Heaven is impossible in our sinful condition, so where do we go from here?

 

25It is easier for a camel to go through the eye of a needle than for a rich man to enter the kingdom of God." 26They were even more astonished and said to Him, "Then who can be saved?" 27Looking at them, Jesus said, "With people it is impossible, but not with God; for all things are possible with God (Mark 10:25-27).

 

I have heard various interpretations of what Jesus means here by talking about a camel going through the eye of a needle. Some have compared it to a small door at the Church of Nativity in Bethlehem, Israel. In those days, entry into the city was small, for matters of security. Camels were often heavily laden with all kinds of merchandise, which had to be unloaded to get into a small city gate called the eye of the needle gate. In this interpretation, a rich man is similar to a merchant having to take off his load of merchandise and belongings from the camel’s back to enter through the narrow way into the gates of the city. This analogy, which speaks to the “merchandise” in our lives, i.e., the things on which we use and rely, but which sometimes bogs us down and prohibits us from entering. The second interpretation is the one I favor, i.e., being that the main point that Jesus was making is clear and simple: whether you are a rich man or a poor man, it is impossible to thread a camel through a needle. In the same way, it is impossible to enter heaven by our works, no matter how religious or how respected we are. We all come the same way into the kingdom of God.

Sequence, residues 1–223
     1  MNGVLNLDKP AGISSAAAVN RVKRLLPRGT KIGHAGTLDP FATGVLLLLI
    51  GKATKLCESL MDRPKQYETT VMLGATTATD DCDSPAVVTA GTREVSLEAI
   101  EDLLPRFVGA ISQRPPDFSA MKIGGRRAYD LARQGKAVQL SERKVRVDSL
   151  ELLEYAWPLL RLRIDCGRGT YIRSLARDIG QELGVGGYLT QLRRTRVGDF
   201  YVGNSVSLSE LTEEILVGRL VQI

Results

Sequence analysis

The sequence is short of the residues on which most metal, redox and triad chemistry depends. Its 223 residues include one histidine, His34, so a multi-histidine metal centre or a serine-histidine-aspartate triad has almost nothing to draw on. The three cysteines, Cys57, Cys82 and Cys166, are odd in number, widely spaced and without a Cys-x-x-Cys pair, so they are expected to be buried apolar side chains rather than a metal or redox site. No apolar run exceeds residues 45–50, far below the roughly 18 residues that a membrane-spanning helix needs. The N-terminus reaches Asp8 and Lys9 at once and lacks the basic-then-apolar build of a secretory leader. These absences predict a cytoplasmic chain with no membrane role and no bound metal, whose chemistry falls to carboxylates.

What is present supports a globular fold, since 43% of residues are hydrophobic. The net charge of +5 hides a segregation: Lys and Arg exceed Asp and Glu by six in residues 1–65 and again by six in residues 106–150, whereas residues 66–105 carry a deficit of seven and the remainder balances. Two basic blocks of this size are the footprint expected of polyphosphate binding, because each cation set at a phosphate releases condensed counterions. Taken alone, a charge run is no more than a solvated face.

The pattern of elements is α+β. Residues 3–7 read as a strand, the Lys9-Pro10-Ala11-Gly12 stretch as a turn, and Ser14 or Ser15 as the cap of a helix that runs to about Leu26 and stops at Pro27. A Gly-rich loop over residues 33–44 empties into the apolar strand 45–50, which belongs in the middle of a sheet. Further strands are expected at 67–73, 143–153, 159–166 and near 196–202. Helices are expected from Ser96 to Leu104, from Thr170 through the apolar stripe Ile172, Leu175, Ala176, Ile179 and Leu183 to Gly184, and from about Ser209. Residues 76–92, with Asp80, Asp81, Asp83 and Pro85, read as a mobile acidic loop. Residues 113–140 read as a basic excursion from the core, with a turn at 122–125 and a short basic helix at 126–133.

In chapter 5 of the book of Matthew, Jesus taught what is known today as the Sermon on the Mount, or the Beatitudes. It is one of the most “quotable” passages in the whole of the Bible. Jesus makes a statement, which I would like you to consider. He says, “Blessed are the poor in spirit for theirs is the kingdom of heaven.”

 

Do you see a direct connection between this statement and the grace of God? What are we to receive if we are poor in spirit and what does this include?

 

The truth is that we are all poor in spirit. Some of us know this, and some are unaware. It is only those who are aware of their need that is open to receive His grace, and in receiving His grace, they receive the kingdom! That is why Jesus said in Matthew 19:14, “Let the little children come to me and do not hinder them, for to such belongs the kingdom of heaven.”

 

Here is where Satan thought that he had won the battle for the domination of the race and the planet. Having tempted man in the Garden of Eden, our entire race became servants to sin and Satan. It was impossible, he thought, for a man to enter heaven. Justice demanded that the soul who sins shall die (Ezekiel 18:4).  God had said so in the Garden of Eden (Genesis 2:17). If it is true, and I put it to you that it is, that man is desperately wicked and depraved at the core of his being; then it is only logical for it to be impossible for us to enter into heaven as we are. No amount of reform will ever make us clean before a holy God. As we have already said, can the leopard change his outward form, his spots? No, if we change our outward form and try to reform ourselves but leave our heart unchanged, it is just an external deception.